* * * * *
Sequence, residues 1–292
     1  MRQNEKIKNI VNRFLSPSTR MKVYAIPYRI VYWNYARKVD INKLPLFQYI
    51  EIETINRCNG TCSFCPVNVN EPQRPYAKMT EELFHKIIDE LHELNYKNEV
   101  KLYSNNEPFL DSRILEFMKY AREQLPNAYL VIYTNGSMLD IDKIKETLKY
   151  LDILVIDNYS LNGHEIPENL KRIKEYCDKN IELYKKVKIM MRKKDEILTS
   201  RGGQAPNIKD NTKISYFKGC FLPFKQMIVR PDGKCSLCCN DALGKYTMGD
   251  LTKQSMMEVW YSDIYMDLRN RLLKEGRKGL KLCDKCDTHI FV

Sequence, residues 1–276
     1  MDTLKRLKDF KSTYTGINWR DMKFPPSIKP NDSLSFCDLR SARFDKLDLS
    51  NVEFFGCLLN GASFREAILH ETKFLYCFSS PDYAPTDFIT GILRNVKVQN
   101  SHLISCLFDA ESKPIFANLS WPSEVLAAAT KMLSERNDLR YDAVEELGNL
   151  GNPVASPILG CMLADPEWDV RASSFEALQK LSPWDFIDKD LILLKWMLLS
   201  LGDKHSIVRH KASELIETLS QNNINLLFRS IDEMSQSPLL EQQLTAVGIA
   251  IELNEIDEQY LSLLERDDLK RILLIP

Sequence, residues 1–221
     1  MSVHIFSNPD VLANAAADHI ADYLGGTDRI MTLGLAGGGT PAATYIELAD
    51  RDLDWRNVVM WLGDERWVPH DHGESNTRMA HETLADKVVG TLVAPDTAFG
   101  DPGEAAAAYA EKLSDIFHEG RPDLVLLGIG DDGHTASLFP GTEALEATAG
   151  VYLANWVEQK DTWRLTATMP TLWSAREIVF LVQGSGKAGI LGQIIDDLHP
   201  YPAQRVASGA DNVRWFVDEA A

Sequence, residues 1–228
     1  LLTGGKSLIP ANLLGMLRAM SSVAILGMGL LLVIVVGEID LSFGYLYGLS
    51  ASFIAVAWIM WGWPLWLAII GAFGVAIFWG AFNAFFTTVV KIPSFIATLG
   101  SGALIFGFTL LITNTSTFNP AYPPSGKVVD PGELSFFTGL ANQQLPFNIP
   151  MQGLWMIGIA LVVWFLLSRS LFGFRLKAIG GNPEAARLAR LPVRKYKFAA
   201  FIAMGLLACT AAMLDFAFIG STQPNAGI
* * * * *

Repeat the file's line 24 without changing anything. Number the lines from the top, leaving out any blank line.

   101  SGALIFGFTL LITNTSTFNP AYPPSGKVVD PGELSFFTGL ANQQLPFNIP